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The Trouble with Islam Today: A Muslim's Call for Reform in Her Faith

3.65  ·  Rating details ·  1,599 ratings  ·  184 reviews
"I have to be honest with you. Islam is on very thin ice with me.... Through our screaming self-pity and our conspicuous silences, we Muslims are conspiring against ourselves. We're in crisis and we're dragging the rest of the world with us. If ever there was a moment for an Islamic reformation, it's now. For the love of God, what are we doing about it?"

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ebook, 240 pages
Published March 16th 2005 by St. Martin's Griffin (first published 2003)
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Buchgeflüster In your local liberary maybe? Aren't you ashamed looking for a pirated copy? Somebody wrote it - that takes a lot of time and money if you need to…moreIn your local liberary maybe? Aren't you ashamed looking for a pirated copy? Somebody wrote it - that takes a lot of time and money if you need to travel for research too. How would you feel if you just finished your novel and someone posts it on the internet for free.(less)
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Paras Abbasi
It would be very hard to take this book seriously because it has been written by someone who had been raised by an abusive father, who unfortunately was a Muslim and thus the lady stereotyped the world of Muslims to be such and rationalizing her reasons to turning out to be a lesbian, as the only man she knew turned out to be such... What a reason, What a logic and What a wit! I must say. The proceeding pages of the book go on to talk about how great and and how democratic the West is and how ...more
Jun 22, 2008 rated it really liked it  ·  review of another edition
An open letter to Muslims and others, this book asks some tough questions about religion and faith. It looks at the nature of religion, but more importantly the relationship of people of faith to their essential texts, their fellow believers, and to others. The questions it poses are tough ones because they do not allow a passive approach to religion and faith. They assume that the individual - indeed the community - of faith has obligations and responsibilities that cannot be passed off by ...more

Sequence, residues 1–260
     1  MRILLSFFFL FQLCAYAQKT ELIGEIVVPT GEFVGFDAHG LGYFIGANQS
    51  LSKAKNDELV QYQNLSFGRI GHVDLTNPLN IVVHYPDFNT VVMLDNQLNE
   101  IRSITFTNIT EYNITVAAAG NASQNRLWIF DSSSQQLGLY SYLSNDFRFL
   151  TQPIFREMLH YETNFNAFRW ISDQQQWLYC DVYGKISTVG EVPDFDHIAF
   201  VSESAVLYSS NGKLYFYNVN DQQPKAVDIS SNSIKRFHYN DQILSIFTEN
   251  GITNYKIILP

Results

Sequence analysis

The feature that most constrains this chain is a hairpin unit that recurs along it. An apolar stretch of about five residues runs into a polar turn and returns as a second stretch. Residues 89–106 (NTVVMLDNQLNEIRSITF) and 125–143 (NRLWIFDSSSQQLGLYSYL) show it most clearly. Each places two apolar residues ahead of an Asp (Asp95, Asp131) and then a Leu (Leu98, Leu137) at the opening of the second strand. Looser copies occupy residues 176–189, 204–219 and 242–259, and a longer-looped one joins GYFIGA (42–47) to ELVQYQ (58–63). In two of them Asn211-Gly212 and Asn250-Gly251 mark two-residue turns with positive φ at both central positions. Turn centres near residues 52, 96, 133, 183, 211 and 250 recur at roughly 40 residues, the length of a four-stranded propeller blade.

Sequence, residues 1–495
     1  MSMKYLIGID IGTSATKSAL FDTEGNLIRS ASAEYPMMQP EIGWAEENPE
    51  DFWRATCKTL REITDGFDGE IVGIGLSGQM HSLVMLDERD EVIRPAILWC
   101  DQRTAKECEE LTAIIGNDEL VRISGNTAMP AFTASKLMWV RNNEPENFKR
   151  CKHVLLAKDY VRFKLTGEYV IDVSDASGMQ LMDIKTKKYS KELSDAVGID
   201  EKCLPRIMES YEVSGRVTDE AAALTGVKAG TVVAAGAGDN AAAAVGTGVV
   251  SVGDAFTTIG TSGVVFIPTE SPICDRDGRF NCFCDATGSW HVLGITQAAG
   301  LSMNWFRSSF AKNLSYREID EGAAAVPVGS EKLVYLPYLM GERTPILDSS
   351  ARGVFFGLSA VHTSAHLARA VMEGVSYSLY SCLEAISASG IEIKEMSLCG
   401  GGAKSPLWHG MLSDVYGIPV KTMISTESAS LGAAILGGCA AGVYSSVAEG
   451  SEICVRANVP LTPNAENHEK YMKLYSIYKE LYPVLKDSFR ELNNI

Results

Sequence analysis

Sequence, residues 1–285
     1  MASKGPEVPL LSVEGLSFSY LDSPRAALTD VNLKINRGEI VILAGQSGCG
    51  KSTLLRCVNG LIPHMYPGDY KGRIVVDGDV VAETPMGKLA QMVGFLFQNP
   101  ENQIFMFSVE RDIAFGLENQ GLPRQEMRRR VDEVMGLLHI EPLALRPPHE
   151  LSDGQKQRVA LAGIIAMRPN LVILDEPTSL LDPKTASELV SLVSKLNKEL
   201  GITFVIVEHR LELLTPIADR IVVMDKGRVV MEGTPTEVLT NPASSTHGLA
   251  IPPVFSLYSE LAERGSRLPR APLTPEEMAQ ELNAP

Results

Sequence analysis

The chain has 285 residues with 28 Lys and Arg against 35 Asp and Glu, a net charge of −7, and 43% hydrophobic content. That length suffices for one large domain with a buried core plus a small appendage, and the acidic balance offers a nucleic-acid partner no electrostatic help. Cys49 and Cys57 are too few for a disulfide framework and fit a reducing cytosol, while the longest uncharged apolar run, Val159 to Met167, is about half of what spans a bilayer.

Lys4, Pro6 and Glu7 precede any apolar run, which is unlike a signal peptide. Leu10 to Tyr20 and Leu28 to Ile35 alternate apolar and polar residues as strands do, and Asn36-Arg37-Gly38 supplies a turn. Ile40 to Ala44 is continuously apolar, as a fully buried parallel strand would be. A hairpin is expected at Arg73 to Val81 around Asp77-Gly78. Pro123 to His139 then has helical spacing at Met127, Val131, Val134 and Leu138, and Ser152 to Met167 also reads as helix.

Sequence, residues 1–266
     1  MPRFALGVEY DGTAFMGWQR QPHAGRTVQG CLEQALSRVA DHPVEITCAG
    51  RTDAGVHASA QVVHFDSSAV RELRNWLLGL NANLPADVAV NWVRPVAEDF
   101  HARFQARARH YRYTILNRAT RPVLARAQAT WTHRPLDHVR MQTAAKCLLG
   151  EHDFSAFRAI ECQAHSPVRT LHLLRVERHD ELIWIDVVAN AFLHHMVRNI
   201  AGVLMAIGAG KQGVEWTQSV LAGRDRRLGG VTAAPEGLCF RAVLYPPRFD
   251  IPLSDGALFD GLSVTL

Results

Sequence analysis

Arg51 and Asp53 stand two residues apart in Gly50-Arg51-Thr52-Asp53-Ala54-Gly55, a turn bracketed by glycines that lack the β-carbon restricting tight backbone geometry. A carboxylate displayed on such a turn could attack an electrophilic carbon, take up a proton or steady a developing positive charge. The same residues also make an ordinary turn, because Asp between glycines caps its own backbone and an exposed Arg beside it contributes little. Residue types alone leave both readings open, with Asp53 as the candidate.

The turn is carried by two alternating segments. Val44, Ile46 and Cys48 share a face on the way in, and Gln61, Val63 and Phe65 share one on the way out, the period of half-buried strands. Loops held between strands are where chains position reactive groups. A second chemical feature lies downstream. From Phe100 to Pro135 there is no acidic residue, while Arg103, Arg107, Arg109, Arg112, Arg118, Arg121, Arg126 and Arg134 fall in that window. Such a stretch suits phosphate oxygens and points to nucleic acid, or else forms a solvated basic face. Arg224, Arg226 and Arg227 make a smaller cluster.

Alex Rudolph
Dec 03, 2014 rated it did not like it  ·  review of another edition
Recommends it for: Rush Limbaugh
Shelves: the-worst
You cannot be serious - this book made me so mad that I felt compelled to write my first ever Goodreads review. TTWIT will surely please anyone who likes FOX News or thinks that all Muslims are terrorists. I am not Muslim but I was appalled at how easily Manji sold out her religion and fellow believers. The book has extremely conservative leanings, and will leave anyone who is critical of the Israeli military/government with a sour taste in their mouth.

Manji came to many of the book's
Nov 27, 2010 rated it really liked it  ·  review of another edition
Recommends it for: Anyone willing to think
This book is full of facts and real-life truths. In this open letter, a call for reform of Islam, Manji makes a compelling case for worshiping strategically rather than tactically. Among many other astoundingly insightful points, she says that one of the biggest hurdles for Muslims is the tendency to apply the Qur’an as though the practitioners still lived centuries ago, in a desert civilization, following behavior and rules that made sense then but might no longer apply, given the knowledge and ...more
I read the Indonesian edition that I downloaded from the author's website. This book is pretty much about a girl throwing a tantrum because she's raised by an abusive father, who also happens to be a muslim, and because she's also one of those unlucky few who happened to be surrounded by muslims with questionable characters. Reading the book can be exhausting because the writing style is similar to teenagers moaning about their obnoxious neighbor.

It's very hard to take this book seriously,
Marty Solomon
I read this book as the final read in a personal search for an elementary understanding of Islam. I thoroughly enjoyed the read and cannot speak into her deeper thoughts or methods, since I am mostly ignorant. For those that do not know Manji, she is definitely a progressive Muslim who critiques her faith for it's blind following of tribal Islam (and what she later calls "foundamentalism" - idolizing the foundation of the faith).